- Electronic Communications Convention- Impact on common law jurisdictions 2008
- I. Background
- II. Introduction and Methodology
- III. Exclusions
- IV. Application and Derogation
- V - VI - VII
- VIII. Functional Equivalency and Technological Neutrality
- IX. Electronic Contracts
- X. Automated Message Systems
- XI. Final Provisions
- XII. Summary Conclusions
- All Pages
 Article 8.1, which provides for functional equivalency of electronic communications with their paper-based counterparts, reflects section 5 of the UECA. Similarly, Article 8.2 reflects section 6(1) of the UECA: parties are not required to use or accept electronic communications, but consent to do so may be inferred from conduct. However, pursuant to Article 13 of the Convention, any rule of law that requires terms of a contract that have been negotiated through electronic communications to be made available to the other party in another format, will still be applicable.
 The UECA and several of the provinces stipulate that the respective legislation applies to the Crown, that the inference of consent does not apply to government parties, and that consent of a government to accept information in electronic form must be expressed by communication accessible to the public or to those likely to communicate with it.  Special rules for government apply in other circumstances as well. The Convention does not define “government” and does not contain any provisions dealing specifically with government parties.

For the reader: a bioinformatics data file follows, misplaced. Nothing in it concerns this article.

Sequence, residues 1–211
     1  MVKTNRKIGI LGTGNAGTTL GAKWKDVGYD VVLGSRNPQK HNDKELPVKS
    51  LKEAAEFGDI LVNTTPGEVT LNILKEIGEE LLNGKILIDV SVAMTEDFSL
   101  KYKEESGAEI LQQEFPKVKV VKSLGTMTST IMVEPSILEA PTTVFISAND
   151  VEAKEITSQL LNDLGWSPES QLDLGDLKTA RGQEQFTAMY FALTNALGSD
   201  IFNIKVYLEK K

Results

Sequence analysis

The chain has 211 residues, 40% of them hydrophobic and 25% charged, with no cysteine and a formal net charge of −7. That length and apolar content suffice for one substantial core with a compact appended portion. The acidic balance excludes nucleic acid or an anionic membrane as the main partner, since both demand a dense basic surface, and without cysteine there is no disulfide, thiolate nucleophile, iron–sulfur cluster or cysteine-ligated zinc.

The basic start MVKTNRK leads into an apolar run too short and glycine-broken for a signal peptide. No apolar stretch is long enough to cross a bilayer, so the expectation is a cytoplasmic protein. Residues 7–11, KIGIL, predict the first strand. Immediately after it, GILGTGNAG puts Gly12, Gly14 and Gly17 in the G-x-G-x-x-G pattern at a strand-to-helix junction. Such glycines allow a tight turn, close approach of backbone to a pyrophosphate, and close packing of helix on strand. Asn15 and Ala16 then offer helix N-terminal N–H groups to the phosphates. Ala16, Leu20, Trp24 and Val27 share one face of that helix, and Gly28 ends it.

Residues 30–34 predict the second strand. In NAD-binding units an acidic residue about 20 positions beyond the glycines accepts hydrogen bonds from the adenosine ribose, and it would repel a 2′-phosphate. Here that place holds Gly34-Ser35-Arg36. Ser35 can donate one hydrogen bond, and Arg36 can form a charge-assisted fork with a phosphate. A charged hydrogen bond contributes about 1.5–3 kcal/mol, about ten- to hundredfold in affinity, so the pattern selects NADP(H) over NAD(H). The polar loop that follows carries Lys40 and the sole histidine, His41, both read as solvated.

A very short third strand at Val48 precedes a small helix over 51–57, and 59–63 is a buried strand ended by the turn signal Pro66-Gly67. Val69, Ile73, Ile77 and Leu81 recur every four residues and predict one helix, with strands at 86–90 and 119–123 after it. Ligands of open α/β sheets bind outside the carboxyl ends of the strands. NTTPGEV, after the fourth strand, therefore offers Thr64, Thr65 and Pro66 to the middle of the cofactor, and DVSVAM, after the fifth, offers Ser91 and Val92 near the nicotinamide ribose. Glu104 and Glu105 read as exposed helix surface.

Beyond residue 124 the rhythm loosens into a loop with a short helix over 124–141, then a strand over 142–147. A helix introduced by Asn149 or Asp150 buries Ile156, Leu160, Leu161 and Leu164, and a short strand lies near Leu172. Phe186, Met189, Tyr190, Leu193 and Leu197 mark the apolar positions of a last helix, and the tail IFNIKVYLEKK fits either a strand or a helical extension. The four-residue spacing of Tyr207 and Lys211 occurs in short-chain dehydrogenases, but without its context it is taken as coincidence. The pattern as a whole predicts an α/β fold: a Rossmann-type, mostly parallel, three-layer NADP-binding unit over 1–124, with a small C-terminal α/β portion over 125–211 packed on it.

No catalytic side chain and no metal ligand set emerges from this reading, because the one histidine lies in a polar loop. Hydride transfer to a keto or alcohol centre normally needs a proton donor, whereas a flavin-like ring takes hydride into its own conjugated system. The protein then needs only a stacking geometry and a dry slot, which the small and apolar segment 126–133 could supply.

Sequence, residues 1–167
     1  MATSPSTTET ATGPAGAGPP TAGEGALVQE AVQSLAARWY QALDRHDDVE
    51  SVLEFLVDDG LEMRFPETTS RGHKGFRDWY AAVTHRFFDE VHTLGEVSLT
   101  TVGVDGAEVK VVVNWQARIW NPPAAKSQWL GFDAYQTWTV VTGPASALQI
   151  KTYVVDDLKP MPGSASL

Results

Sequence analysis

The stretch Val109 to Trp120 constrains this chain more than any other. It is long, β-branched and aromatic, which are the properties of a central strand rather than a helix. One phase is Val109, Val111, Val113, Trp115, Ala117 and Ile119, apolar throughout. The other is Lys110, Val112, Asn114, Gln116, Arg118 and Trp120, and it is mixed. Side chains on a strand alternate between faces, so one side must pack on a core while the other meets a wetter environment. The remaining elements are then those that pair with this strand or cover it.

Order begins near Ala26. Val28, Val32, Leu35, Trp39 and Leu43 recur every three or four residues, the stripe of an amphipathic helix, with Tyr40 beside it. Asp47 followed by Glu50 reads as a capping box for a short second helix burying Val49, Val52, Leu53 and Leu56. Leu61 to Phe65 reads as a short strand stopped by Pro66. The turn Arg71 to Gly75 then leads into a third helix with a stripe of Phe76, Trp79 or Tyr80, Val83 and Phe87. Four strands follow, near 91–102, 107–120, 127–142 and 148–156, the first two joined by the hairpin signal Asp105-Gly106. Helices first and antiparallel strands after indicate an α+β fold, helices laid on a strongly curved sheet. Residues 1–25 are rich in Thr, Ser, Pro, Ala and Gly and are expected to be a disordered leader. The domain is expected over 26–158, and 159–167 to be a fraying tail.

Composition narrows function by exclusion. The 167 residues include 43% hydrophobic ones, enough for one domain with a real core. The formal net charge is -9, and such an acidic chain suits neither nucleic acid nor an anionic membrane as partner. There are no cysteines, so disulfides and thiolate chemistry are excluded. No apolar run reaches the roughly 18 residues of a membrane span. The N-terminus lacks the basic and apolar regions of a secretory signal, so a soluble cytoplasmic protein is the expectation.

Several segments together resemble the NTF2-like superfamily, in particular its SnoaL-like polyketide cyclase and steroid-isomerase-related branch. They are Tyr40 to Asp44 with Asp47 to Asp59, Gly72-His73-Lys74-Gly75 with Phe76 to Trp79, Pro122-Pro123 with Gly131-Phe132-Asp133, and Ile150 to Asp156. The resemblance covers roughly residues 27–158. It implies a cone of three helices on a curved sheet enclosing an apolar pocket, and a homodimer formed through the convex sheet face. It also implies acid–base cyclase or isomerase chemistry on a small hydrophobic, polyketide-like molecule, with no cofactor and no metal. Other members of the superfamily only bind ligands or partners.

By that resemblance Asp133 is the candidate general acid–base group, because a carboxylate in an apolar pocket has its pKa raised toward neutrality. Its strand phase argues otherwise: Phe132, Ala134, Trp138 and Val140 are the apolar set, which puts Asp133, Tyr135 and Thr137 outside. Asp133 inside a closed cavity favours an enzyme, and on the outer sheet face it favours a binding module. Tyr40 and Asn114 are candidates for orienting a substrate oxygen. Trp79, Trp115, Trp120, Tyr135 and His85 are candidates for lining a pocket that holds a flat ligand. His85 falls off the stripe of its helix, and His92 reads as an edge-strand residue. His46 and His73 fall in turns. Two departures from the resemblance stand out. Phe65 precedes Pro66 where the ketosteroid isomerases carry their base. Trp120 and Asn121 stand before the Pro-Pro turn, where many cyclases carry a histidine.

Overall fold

The frequency and types of interactions between governments and other parties are clearly greater in the domestic sphere. Also, the primary purpose of the Convention, which is the facilitation of international trade, is narrower than the rationale for domestic electronic commerce legislation, which includes clarification of the legal effectiveness of communication with government. Nevertheless, whenever government is a party to an international contract, no specific exclusions or exceptions are available that deviate from the fundamental provisions of the Convention. In Particular, Article 1.3 states that “neither the nationality of the parties nor the civil or commercial character of the parties or of the contract is to be taken into consideration in determining the application of this Convention.”
 The preservation of party autonomy appears to be a guiding principle of the Convention. As stated in Article 8.2, parties are not required to accept or use electronic communications. Article 3 of the Convention also broadly allows parties to derogate from or vary the effect of any of its provisions. Although a similar provision specifically permitting “contracting out” is not contained in the UECA or domestic electronic commerce legislation, the use or acceptance of electronic communications under such legislation is not mandatory. However, under the Convention the ability of the parties to derogate or vary the statutory provisions is greater because of Article 3.